In article <4hhpfs$n34 at decaxp.harvard.edu> robison at nucleus.harvard.edu (Keith Robison) writes:
>Scott D. Kocher (skocher at itsmail1.hamilton.edu) wrote:
>: Does anyone know about the Aquatic Ape Theory (AAT), which postulates
>: that man descended from the apes only after undergoing a period of marine
>: habitation? The theory attempts to explain why humans have oily skin and
>: very few hairs, are bipedal, produce tears, breath through the nose, and
>: some other strange adaptations which are unusual for terrestrial mammals.
>: I came across the AAT home page on the Web, and was curious to know how
>: legitimate this theory is for the rest of the scientific community.
One of the other selling points of AAT is that many pre-human fossils are
found in areas that used to be swamps, favoring adaptations that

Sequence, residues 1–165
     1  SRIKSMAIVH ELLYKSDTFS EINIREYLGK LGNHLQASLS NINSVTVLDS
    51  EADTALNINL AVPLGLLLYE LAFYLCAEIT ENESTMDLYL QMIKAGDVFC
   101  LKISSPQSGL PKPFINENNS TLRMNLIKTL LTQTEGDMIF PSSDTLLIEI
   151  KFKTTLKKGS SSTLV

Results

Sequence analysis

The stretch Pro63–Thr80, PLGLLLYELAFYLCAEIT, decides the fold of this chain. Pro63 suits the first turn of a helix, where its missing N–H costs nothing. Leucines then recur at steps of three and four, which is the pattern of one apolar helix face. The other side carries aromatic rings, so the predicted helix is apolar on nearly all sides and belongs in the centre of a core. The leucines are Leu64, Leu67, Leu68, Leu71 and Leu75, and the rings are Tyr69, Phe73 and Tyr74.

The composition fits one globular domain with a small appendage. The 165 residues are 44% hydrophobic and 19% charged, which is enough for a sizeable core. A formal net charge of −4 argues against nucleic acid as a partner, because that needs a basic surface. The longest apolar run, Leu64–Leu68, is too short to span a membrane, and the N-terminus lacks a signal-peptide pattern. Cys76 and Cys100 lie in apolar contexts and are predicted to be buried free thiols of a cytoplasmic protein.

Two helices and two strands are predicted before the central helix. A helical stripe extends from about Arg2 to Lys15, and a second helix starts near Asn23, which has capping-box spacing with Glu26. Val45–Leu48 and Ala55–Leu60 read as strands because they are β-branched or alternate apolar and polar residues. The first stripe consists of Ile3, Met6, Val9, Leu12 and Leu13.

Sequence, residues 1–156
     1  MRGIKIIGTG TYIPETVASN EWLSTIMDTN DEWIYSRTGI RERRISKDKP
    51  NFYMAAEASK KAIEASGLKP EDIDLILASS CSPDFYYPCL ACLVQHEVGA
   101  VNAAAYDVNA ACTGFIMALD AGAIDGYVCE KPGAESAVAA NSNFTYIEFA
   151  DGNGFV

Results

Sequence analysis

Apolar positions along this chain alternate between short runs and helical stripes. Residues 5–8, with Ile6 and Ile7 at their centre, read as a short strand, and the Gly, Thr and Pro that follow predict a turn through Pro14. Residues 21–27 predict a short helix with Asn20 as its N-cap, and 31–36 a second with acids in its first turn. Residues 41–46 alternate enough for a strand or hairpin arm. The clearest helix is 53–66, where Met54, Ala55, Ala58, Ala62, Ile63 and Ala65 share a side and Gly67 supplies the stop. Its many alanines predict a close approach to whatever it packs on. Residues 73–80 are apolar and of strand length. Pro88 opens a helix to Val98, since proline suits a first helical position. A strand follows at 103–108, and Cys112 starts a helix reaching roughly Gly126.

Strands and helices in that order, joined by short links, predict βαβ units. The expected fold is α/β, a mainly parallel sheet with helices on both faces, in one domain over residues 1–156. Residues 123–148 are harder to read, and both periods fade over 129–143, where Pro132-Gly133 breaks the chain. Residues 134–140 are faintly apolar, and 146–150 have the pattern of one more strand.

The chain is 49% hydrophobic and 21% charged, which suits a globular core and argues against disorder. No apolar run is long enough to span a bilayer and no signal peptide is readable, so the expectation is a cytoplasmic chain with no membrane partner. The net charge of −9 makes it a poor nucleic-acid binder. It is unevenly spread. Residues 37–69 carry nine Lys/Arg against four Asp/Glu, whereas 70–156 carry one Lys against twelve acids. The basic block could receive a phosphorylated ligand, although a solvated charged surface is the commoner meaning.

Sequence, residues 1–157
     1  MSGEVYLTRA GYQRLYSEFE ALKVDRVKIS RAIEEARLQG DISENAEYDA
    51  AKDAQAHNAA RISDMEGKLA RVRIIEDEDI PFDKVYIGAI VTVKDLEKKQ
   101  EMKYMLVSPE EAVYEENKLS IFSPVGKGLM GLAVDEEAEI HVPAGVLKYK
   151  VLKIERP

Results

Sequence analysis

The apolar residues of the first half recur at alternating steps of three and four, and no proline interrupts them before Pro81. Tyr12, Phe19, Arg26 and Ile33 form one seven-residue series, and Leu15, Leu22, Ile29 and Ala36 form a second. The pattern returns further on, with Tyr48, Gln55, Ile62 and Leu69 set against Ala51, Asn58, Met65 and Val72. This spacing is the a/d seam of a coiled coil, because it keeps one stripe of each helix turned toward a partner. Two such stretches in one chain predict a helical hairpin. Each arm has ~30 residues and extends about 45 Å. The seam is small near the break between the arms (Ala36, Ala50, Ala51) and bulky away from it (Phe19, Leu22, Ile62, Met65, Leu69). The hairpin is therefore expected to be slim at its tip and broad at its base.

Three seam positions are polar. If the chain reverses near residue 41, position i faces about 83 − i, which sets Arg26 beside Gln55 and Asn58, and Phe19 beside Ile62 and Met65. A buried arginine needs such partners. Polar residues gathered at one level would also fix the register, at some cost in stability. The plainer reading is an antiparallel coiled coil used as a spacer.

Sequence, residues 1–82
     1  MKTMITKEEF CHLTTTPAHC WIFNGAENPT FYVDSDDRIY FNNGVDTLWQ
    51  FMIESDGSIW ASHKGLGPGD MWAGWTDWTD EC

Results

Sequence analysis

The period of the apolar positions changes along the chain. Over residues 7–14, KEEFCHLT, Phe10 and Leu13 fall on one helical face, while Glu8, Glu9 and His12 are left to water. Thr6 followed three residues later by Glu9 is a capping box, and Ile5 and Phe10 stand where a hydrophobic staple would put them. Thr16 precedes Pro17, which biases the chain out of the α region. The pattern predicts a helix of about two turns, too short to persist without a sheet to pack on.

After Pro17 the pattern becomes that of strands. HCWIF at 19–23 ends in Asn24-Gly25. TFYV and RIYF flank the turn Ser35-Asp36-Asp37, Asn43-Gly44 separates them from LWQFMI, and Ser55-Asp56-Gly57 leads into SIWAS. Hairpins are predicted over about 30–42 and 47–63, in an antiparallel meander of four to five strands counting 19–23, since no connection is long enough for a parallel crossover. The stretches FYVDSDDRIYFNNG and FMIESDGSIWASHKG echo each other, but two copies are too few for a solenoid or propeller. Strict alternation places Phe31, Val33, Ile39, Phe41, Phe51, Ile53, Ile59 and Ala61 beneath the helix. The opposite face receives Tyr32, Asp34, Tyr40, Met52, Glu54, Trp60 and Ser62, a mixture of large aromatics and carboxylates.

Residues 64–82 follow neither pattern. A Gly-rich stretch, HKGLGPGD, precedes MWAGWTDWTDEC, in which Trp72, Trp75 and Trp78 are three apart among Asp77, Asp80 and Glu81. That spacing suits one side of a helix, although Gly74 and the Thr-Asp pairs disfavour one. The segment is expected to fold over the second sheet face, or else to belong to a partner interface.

facilitate short-distance swimming. Additionally, many pre-human forearms
(radius and ulna) show evidence that the forearm musculature of our
putative forebears (or close cousins) was truly formidable -- on a par
with early twentieth-century males who slung coke in foundries for forty
years of their lives. Since there are many reasons to believe that these
hominids were not brachiators, the musculature might be explained by
>I think the summary is that most professionals don't have a very positive
>opinion of AAT.
This seems to be the case. A human-origins paleontologist (whose name I
forget) have a talk at UCSF recently, and although he talked at length
about curiously muscled hominids dug up in an ancient swamp, he never
once mentioned the possibility that our ancestors were semiaquatic.